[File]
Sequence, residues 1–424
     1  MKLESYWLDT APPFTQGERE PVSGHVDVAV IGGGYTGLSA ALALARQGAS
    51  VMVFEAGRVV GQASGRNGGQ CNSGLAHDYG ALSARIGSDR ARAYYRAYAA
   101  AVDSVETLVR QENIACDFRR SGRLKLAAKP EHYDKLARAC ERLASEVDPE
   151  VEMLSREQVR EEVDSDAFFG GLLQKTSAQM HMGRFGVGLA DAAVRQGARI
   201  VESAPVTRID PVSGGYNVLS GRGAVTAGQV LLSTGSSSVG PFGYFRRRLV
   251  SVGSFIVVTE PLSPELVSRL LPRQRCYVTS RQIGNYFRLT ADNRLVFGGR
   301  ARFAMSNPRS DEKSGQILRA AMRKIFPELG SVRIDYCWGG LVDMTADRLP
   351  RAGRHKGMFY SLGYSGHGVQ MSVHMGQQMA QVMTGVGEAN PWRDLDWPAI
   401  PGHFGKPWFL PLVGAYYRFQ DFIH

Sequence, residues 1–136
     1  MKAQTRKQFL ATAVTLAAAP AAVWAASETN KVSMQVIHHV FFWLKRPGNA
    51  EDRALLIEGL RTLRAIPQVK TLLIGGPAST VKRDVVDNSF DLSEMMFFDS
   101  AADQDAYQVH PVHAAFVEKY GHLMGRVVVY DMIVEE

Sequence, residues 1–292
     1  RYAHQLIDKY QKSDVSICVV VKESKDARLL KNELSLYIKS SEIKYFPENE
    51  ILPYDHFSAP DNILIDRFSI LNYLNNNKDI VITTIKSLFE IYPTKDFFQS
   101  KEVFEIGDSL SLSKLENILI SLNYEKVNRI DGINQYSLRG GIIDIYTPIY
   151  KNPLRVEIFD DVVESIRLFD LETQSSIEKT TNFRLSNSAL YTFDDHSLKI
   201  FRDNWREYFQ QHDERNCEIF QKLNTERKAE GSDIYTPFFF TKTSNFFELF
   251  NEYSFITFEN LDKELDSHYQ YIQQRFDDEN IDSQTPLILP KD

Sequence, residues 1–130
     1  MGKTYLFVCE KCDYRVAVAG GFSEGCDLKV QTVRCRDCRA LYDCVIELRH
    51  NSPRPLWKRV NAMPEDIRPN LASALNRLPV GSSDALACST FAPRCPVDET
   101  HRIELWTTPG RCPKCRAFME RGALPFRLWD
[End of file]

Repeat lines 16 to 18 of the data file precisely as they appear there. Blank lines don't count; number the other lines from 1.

     1  RYAHQLIDKY QKSDVSICVV VKESKDARLL KNELSLYIKS SEIKYFPENE
    51  ILPYDHFSAP DNILIDRFSI LNYLNNNKDI VITTIKSLFE IYPTKDFFQS
   101  KEVFEIGDSL SLSKLENILI SLNYEKVNRI DGINQYSLRG GIIDIYTPIY